The directors faced a barrage of angry questions on the pay-off to former chief executive Liam Strong, the company's poor record and the lack of retail experience on the board. There was also more bad news on trading with the group showing a slowdown in childrenswear sales and falling sales in its footwear operations.
"Looking at the board, it would seem to be wonderfully constituted for anything but a retail company," one small shareholder said.
Another shareholder, a Mr Muriel, criticised the compensation paid to Mr Strong who left the company in April. "He leaves with pounds 465,000. My question is: Why?"
Sir Bob Reid, the Sears chairman responded by saying that the company was merely fulfilling its contractual obligations. This failed to satisfy the packed audience, with one investor declaring the payment "blatantly rewarded failure".
Mr Muriel further criticised the board's remuneration committee for agreeing to pay additional sums to Mr Strong if he failed to secure equivalent employment within nine months of his resignation.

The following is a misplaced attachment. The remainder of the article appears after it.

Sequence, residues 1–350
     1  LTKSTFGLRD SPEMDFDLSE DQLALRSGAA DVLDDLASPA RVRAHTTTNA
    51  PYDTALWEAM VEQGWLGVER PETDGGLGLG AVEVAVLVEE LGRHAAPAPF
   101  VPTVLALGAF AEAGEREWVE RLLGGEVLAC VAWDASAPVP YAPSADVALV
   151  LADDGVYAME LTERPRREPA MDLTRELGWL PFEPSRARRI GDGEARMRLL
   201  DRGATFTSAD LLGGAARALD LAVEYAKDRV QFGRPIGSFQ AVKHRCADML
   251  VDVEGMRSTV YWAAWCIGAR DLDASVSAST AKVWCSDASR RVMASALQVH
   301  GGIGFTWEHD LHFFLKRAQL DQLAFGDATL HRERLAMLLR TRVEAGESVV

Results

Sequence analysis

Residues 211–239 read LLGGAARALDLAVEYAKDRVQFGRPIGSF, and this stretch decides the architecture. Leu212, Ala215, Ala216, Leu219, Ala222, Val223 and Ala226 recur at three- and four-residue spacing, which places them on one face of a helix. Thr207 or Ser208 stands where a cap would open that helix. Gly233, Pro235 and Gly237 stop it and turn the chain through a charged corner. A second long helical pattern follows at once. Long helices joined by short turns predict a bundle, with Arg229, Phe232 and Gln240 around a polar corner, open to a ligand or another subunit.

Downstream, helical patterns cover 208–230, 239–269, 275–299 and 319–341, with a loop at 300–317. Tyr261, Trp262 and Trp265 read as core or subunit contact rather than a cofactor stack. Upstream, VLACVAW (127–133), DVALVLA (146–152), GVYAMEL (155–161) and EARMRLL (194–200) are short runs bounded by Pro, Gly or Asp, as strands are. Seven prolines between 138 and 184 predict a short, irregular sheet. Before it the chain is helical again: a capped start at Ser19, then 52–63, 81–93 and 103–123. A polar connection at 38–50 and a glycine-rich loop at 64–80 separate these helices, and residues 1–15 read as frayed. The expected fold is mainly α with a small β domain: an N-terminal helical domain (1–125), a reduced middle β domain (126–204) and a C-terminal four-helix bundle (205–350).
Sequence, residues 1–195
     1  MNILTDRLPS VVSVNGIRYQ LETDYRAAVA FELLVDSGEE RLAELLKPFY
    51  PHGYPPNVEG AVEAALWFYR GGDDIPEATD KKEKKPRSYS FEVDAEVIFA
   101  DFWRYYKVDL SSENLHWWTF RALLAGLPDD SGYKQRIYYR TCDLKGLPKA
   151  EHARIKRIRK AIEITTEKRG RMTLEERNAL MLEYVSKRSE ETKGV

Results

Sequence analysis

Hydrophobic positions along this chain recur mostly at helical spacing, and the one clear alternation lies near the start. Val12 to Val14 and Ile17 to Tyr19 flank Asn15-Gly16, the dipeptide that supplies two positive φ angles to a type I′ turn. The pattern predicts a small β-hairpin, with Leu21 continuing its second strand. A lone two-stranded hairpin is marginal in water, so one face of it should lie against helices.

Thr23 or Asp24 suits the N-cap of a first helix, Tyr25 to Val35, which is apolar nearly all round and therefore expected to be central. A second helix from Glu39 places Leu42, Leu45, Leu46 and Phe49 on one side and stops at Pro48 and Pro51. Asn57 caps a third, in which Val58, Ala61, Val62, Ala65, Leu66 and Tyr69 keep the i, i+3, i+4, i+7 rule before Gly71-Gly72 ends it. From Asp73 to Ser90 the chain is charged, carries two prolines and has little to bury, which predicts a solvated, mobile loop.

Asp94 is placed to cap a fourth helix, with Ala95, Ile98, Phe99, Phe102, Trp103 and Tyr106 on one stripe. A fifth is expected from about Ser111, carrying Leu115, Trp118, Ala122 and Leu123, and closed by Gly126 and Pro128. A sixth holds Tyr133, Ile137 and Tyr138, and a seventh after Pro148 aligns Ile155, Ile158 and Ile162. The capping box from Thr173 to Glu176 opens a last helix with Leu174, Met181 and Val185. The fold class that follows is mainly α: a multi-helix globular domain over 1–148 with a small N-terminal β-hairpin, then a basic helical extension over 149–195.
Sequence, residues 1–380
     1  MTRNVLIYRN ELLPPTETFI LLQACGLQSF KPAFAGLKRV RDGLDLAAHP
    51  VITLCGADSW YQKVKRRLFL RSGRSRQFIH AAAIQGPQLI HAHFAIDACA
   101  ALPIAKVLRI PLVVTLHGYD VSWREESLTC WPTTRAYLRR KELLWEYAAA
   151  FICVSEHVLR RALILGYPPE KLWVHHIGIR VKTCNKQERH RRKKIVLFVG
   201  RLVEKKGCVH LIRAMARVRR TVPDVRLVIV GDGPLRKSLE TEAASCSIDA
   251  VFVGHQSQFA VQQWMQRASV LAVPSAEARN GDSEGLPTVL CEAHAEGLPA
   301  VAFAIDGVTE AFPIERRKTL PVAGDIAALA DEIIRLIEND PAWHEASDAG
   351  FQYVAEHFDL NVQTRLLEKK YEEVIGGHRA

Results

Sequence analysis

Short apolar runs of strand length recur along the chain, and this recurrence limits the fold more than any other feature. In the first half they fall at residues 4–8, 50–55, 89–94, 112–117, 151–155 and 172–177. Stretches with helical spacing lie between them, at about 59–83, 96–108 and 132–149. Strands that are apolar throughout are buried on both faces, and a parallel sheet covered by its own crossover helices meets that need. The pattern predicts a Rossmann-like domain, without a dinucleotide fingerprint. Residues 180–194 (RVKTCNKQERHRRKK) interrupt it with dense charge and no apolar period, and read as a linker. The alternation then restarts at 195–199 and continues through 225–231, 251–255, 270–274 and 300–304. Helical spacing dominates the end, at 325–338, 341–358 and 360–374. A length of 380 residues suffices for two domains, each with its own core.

Mr Strong was not at the meeting yesterday. Sir Bob said he was "very busy" doing consultancy work.
There was a ripple of ironic applause when Sir Bob announced that David Macdonald was to step down as a non-executive director of Sears after 16 years on the board. The former Cabinet minister Lord Tebbit, on the Sears board for 10 years, was also the target of a personal attack. "I'd like to know what Norman Tebbit actually does for a retailer?" asked one shareholder. Sir Bob replied: "I will not answer that because I do not intend to talk about individuals. I believe in self-respect."
A trading statement showed that Sears' like-for-like sales in the 19 weeks to 14 June rose 2.5 per cent against a 5.3 per cent jump for the first 11 weeks. Sales slowed at Adams childrenswear while the shoe operations will make a significant loss.